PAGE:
The CEO of Airbnb: “rebuild physical community” because this is the “loneliest time in human history.”

Brian Chesky, the CEO of Airbnb, believes there is a lot of loneliness in the world and claims to know how to bring people together.

At the Bloomberg Technology Summit on Thursday in San Francisco, Chesky stated, “We’re probably living in the most lonely time in human history.” He declared, “We need to rebuild physical community in cities all over the world.”

He observed that as a result of things like working from home instead of at an office, shopping on Amazon rather than at a mall, and watching films on Netflix rather than in theatres, people no longer congregate as much as they once did. We “still need community,” he said, despite the fact that places like churches and bowling alleys are no longer as effective as they once were as gathering places. “We must be present in person.”

Chesky noted that breaking bad behaviours is a part of the solution. The practise of splitting up zoning into “this is a commercial district, that is a retail district, and that is a residential district” has a long history in cities. There may be a sizable chance to rezone the commercial spaces for residential or mixed use, he suggested.

According to a new analysis from MSCI Real Assets, commercial real estate is failing in the United States, with the amount of distressed assets rising to roughly $64 billion in the first quarter. According to the analysis, there is potential trouble with about $155 billion of commercial property assets, with offices—which have been hard hit by remote work and significant tech layoffs in particular—representing the sector with the greatest potential trouble at nearly $43 billion.

The Upward thrust of the Decentralized Startup

According to data from security firm Kastle, the average office occupancy rate in the United States is just under 50%.

On Fox Business earlier this month, Shark Tank star and seasoned real estate professional Barbara Corcoran mentioned the low trust in commercial real estate, saying, “No one really believes it’s going to turn the corner.” People are remaining at home. In a report released on Thursday, the research firm Capital Economics stated that the “35% plunge in office values we’re forecasting by end-2025 is unlikely to be recovered even by 2040,” equating the decline in demand to what malls have gone through over the previous six years as consumers shifted to online shopping.

However, Chesky noted that “from of crisis comes opportunity, and when someone leaves, someone else can go in.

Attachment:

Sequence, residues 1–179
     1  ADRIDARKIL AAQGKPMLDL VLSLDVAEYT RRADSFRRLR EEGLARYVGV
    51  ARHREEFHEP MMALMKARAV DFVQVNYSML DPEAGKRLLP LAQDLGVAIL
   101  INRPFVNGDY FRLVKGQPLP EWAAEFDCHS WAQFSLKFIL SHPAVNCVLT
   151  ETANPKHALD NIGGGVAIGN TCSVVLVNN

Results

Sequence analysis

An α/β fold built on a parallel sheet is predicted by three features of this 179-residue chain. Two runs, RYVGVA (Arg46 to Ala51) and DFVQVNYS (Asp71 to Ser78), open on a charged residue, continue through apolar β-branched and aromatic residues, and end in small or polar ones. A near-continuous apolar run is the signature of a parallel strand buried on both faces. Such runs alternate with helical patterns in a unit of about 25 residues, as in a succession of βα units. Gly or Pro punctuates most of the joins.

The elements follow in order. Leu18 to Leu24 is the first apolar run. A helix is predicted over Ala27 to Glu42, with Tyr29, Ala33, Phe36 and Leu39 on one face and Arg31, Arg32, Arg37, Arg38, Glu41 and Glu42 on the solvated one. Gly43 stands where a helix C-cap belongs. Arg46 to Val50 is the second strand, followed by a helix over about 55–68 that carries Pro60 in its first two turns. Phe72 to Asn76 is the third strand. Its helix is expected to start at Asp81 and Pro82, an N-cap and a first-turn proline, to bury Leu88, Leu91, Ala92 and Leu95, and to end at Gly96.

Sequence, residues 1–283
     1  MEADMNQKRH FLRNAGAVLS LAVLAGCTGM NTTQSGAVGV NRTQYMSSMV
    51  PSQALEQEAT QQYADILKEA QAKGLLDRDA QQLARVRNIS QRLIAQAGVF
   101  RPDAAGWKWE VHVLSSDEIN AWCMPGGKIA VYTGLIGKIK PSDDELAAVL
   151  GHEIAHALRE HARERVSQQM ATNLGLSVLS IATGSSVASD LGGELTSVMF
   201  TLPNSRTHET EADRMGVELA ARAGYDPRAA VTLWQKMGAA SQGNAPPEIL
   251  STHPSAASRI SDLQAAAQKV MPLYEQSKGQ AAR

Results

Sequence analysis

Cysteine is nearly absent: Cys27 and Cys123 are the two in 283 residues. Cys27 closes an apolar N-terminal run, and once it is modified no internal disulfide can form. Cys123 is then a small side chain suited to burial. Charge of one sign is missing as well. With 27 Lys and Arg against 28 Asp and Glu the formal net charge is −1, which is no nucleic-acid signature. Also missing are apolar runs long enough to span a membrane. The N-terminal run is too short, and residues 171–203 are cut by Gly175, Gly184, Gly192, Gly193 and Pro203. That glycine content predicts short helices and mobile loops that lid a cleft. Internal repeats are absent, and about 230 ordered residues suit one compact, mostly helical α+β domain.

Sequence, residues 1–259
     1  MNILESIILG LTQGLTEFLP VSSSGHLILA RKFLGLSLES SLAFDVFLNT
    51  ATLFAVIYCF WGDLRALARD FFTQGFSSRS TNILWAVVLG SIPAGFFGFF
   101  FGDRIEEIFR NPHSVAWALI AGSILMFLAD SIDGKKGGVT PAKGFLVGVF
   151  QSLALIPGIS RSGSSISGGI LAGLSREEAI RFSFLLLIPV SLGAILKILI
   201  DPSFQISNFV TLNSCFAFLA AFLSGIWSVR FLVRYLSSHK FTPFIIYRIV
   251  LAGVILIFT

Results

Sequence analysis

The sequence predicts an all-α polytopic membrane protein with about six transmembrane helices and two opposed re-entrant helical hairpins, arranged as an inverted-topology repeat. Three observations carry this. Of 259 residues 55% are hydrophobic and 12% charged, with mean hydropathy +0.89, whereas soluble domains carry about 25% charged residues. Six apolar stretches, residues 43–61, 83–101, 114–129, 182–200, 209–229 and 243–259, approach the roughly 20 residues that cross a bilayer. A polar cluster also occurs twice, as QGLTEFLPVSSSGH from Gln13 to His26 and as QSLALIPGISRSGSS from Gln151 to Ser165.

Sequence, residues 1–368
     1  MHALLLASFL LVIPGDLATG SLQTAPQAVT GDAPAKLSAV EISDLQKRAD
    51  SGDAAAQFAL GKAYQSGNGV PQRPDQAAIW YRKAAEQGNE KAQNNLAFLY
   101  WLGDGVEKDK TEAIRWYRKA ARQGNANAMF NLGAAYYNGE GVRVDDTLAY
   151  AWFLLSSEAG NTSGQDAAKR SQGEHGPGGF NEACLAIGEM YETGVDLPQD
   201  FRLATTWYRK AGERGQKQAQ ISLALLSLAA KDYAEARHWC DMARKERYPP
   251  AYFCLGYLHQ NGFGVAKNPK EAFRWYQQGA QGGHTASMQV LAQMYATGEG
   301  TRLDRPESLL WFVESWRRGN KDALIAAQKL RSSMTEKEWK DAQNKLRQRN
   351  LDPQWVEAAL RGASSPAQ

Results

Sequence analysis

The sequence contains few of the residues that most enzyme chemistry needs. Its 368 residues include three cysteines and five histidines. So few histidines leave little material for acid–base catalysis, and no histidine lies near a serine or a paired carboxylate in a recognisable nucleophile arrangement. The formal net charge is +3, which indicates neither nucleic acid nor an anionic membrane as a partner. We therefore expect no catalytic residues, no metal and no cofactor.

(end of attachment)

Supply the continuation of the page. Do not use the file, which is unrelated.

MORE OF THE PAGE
converting office space to a home

He stated more commercial property should be converted into residential property as the first step in solving the issue. He asserted that high-rise buildings “are better for living than for working,” noting that many modern residents desire expansive window views and open floor plans. “That could be really interesting,” he continued, “if we made rezoning a little bit easier and really created incentives for people.”

Second, communities ought to employ rezoning to make room for additional real estate with multiple uses. “I think a very vibrant community is a multi-zone community, so it’s not quiet during the day or quiet at night—this is where people live and this is where people work,” he stated.

He cited co-working spaces as an illustration of how cities could promote the development of more communal areas in order to foster a sense of community among remote workers.

Chesky is hardly the first notable figure in technology to address the rise in loneliness and the possibilities for human connection. Marc Andreessen, a well-known venture capitalist, claimed last year that the rise in remote work has “detonated” the way Americans connect, with fewer people convening in offices and less people feeling connected to one another in homes, increasing feelings of “alienation and loneliness.” A startup called Flow, founded by his company Andreessen Horowitz, promises to give tenants a stronger feeling of community and ownership.

Even if many other CEOs are becoming more insistent on it, Chesky is the only one who does not mandate a return to the office at his own company. The Live and Work Anywhere policy, which Airbnb launched a year ago, allows workers to work up to 90 days abroad in addition to choosing whether to do so from home or the office.

We are not a remote-first company, as Dave Stephenson, the CFO and head of employee experience at Airbnb, recently stated to Fortune. Working in person is crucial in our opinion…Simply put, we believe that you should plan ahead for your work gatherings.

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